With the email linking you to the voting survey, you will also receive a necessarily brief bio of the individuals running for election. Make this review and election a top priority, and encourage your fellow brokers to do the same. The brokers who sit on this committee are the ones who review the misconduct investigations that are brought forward for discipline hearings. They should bring the very unique broker perspective of how the industry works and an understanding of the process through which a responsible broker deals fairly and ethically with the challenges that present themselves in our business. They should also have an interest in keeping the regulatory process simple, effective and, most importantly, fair: fair to the licence holders, fair to the companies, and fair to the public. Bureaucracies can often overtake the interests of its departments, and strong and effective leadership is often the only way to reign in their intrusion into the process of a self-regulating body. I know that you will choose the person you think will be the best for the job, if you in fact make a choice. Sadly, though, I also know from past experience that many will not even bother to open the email to participate in the process. Such apathy reduces the effectiveness of the process and, consequently, the results as well.

As your representative on the GIC, I’ve been working very hard on the licensing issues that brokers have been dealing with in Alberta. Getting people over the licensing hurdle and into our business has been difficult in the past few years. Hopefully, the many changes that have been made and those that are coming will produce positive results. If they don’t, we’ll be revisiting the issues to find out why and fix the problem. The proposal for equivalencies continues to sit on a desk somewhere in the process of government approval. Alberta remains the only province in Canada that doesn’t recognize the value of our industry’s professional designations and forces people who have already invested their own time and money into taking examinations that benefit no one. Perhaps the government considers other issues more pressing, but the broker who is trying to buy a business and can’t get past the level 3 licence examination would surely disagree. People with CAIB, CIP, and other advanced degrees such as MBAs are having difficulty with the process. This process is just wrong and should be fixed, shouldn’t it? If you choose to vote, I would be happy to receive your endorsement and will work hard for you over the next three years. If I’m successful, this will be my second term and likely my last “kick at the cat” because I will be long past my prime when I’m eligible to run again!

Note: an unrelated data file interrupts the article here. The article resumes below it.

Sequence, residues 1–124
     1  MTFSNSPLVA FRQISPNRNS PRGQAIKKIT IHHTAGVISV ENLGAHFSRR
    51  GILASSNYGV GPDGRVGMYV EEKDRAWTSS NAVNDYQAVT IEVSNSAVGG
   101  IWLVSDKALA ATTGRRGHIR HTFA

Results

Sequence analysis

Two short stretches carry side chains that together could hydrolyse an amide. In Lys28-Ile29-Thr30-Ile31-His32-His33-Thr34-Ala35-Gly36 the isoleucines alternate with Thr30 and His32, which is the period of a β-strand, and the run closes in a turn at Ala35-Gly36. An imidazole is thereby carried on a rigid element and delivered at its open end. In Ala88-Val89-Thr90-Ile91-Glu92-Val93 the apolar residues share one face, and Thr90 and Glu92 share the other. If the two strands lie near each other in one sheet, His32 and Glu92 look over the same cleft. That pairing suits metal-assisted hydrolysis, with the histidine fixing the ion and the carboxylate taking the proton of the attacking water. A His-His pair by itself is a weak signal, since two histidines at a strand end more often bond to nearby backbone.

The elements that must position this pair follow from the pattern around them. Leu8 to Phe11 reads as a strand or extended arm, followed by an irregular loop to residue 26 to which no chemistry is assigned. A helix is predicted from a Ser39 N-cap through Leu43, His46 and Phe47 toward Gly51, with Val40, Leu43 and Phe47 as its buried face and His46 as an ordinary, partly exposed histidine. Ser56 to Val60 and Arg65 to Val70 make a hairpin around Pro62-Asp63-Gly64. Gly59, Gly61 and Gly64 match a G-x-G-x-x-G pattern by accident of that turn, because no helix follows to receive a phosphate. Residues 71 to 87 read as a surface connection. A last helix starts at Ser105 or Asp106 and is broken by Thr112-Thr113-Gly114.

Many other issues are at stake as well. My email address is below and my phone still works if you’d like any more information. You can also read my profile on LinkedIn.

In Closing